Asian Openbill Remain in Boeung Prek Lapouv Protected Landscape
AKP Phnom Penh, July 12, 2021 --
Bird conservationist has affirmed that Asian Openbills remain present in Boeung Prek Lapouv Protected Landscape in Takeo province.
"Our field team concluded there is a good sign for the coming breeding season (2021-2022), the bird will not leave and the number of nests will increase," said BirdLife International Cambodia Programme in its recent news report.
During the 2020 nesting season, the population of Asian Openbill foraged in Boeung Prek Lapouv protected landscape increased to thousand birds and at least 2,186 nests were found on the 270 flooded trees. The nesting of Asian Openbill is the new record during the last 15 years.
With support from BirdLife, regular nests monitoring and protection were conducted by the site-based rangers and field monitoring team, the latest hatching nests were recorded in April 2021.
Among the 2,186 nests, 85 percent were successfully hatched while about 15 percent failed because of flood, storm, and illegal egg collections. The successfully hatched nest equaled to about 5,580 chicks, 10 percent died of sickness and other factors, and about 40 percent flown out from the nests and roosted to other areas due to lack of water sources and food.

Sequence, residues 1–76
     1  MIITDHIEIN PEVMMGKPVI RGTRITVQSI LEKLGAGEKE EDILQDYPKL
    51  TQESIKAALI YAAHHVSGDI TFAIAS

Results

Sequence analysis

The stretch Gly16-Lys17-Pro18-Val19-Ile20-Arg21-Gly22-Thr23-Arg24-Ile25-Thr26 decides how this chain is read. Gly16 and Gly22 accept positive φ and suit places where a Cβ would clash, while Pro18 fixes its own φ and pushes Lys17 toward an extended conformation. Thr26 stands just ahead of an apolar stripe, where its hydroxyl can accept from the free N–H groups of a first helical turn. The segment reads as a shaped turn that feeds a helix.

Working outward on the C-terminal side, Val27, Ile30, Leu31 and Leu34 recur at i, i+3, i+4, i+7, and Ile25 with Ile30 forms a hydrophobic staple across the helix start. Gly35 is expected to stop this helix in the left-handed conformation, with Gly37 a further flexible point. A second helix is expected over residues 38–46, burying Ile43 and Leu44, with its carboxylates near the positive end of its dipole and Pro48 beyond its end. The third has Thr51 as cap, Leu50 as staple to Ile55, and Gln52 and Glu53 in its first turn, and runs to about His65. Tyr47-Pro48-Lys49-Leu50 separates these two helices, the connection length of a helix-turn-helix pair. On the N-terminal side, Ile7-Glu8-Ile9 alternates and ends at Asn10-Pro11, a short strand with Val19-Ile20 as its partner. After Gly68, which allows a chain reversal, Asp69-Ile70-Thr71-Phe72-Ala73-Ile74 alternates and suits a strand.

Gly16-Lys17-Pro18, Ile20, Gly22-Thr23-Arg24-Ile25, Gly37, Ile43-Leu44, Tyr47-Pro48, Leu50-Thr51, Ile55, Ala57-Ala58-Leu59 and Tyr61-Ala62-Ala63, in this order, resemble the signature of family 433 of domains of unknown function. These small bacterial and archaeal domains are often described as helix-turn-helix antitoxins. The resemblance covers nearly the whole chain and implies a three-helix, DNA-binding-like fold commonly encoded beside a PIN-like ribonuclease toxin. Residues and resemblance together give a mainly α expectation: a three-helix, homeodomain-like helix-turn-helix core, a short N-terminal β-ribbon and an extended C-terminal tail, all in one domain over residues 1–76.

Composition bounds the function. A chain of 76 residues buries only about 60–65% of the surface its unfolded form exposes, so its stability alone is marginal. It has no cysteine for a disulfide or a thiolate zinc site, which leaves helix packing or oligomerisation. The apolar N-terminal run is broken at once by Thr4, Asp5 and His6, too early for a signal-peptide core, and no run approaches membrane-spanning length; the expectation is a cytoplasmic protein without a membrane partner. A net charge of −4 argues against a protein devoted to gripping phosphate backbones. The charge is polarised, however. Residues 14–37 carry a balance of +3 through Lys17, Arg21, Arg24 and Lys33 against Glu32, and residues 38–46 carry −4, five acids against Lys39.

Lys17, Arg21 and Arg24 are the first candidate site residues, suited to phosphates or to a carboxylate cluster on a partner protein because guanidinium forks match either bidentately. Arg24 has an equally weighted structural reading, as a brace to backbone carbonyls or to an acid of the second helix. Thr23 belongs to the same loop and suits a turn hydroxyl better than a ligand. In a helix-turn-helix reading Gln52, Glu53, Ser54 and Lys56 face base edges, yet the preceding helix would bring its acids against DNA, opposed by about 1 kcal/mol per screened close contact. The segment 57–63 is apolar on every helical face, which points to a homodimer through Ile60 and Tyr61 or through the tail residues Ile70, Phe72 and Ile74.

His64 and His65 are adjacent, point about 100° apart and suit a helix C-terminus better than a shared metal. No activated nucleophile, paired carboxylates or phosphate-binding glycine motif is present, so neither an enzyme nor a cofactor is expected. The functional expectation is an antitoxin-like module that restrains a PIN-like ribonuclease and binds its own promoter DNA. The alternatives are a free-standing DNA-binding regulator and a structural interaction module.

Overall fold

Nowadays, about 50 percent of chicks – some 2,790 birds – stay in nests as they hatched late and are unable to fly far away from their parents. “We notice that the parents collected small tree branches for repairing the nests and some of them start to build the new nests on higher branches,” the same source said.
The Boeung Prek Lapouv Wetland Conservation and Management Project is implemented in collaboration between the Ministry of Environment, Takeo Provincial Department of Environment, BirdLife International Cambodia Programme, NatureLife Cambodia, and WWT.
Boeng Prek Lapov Protected Landscape, one of the largest remnants of seasonally inundated grasslands in the Lower Mekong Region, is over 8,300 hectares in size. It is one of 40 globally important bird areas identified as key sites for conservation and one of three sarus crane (Grus antigone) conservation areas.
Besides Asian Openbill, some other birds including the Black-crowned Night Heron, Little Cormorant, Grey Heron, Purple Heron and Little Egret have also nested in this area.
(Photo: BirdLife International)
By Heng Panha